Genzyme Corp. said Thursday it filed a registrationstatement to sell up to 3 million shares of its TissueRepair Division common stock, the proceeds of whichwill go mainly toward its new cartilage replacementtherapy.

The offering would gross $45.75 million if the stock soldat Genzyme Tissue's (NASDAQ:GENZL) closing priceThursday of $15.25 per share, which was up 63 cents forthe day. The stock was trading as low as $3.50 earlier thisyear, bounced between $5 and $7 per share in the secondquarter, and took off in early July after the FDA decidednot to immediately regulate the cartilage product, calledCarticel, and certain analysts initiated coverage.

Genzyme Tissue, of Cambridge, Mass., reported having$3.3 million in cash and 8.8 million shares outstanding onJune 30, 1995. CS First Boston, Cowen & Co. andPaineWebber Inc., all of New York, are managing theoffering.

Greg Phelps, senior vice president of Genzyme Corp. andpresident of the Tissue Repair Division, said proceedsfrom the offering should take the division through 1996.

The first Carticel patient was treated in late March. Theprogram then was put on hold because of uncertaintyabout the way such autologous cell and tissue productsshould be regulated. Genzyme resumed the cartilage cellservice in early July after the FDA said it would be not beregulated, and six patients have been treated to date,Phelps said.

The procedure involves taking an autopsy from theinjured person, culturing and growing millions of cells,then implanting them back into an area of the femur.Cells then should integrate back into surrounding tissueand mature into normal cartilage, thus restoring propermovement of the knee.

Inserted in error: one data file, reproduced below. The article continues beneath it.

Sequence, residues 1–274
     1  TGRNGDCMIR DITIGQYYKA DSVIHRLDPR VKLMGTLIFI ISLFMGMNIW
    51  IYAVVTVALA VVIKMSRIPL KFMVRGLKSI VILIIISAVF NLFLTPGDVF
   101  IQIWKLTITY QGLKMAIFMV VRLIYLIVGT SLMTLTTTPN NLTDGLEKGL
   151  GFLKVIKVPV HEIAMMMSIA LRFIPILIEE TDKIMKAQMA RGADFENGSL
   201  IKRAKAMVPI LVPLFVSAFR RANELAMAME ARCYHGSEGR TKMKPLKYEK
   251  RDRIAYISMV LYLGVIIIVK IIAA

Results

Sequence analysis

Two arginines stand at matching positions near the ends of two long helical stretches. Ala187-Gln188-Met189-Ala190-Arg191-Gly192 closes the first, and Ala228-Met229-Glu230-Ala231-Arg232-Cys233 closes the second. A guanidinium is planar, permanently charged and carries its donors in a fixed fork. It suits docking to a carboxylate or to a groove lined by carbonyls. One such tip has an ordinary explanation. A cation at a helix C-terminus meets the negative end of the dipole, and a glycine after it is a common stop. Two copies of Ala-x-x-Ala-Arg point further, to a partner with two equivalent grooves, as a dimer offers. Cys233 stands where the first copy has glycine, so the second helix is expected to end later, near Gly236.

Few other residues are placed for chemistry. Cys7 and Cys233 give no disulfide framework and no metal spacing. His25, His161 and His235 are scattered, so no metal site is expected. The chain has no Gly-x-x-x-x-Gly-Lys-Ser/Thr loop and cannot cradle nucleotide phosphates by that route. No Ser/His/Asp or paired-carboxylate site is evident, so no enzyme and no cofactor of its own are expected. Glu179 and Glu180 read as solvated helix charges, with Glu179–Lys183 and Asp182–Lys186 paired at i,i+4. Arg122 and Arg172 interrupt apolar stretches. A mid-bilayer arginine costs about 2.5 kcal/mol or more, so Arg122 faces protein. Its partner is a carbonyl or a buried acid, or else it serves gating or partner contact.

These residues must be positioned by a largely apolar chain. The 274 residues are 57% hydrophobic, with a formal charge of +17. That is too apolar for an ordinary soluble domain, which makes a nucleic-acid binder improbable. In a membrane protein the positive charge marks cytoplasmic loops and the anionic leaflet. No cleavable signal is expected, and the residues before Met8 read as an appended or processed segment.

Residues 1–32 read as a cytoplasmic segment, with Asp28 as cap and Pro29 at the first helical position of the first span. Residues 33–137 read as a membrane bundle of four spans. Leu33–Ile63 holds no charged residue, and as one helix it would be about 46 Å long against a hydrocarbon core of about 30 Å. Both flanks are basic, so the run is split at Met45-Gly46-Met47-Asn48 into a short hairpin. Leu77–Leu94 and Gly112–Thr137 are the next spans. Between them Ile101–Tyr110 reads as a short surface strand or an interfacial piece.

The FDA intends to address the regulation issue againthis fall. Phelps said the decision on how to regulate suchproducts could range from keeping them unregulated torequiring clinical trials and premarket approvalapplications. "We would prefer to have some kind ofregulation that deals with the manufacturing process andfacility," he said, "but would not require clinical trialsand premarket approval."

Genzyme has market research showing that more than200,000 people currently are candidates for Carticelservice. Much of the money from the offering will beused to invest in sales and marketing efforts for Carticeland to increase manufacturing capacity.

Forty-two U.S. doctors are trained in providing thecartilage service; each treats about one to three patientsper month, a company spokeswoman said. The plan is tohave 75 doctors trained by the end of the year, she said.

"We had expected when we created Tissue Repair [lastyear] that we would need to raise money to supportCarticel," Phelps said. "We had hoped to do an offeringthis fall in any case. You always like to do it when thestock's higher. The challenge to us was to get the divisionwell-enough understood to have strong support for it.That seems to have happened." n

-- Jim Shrine

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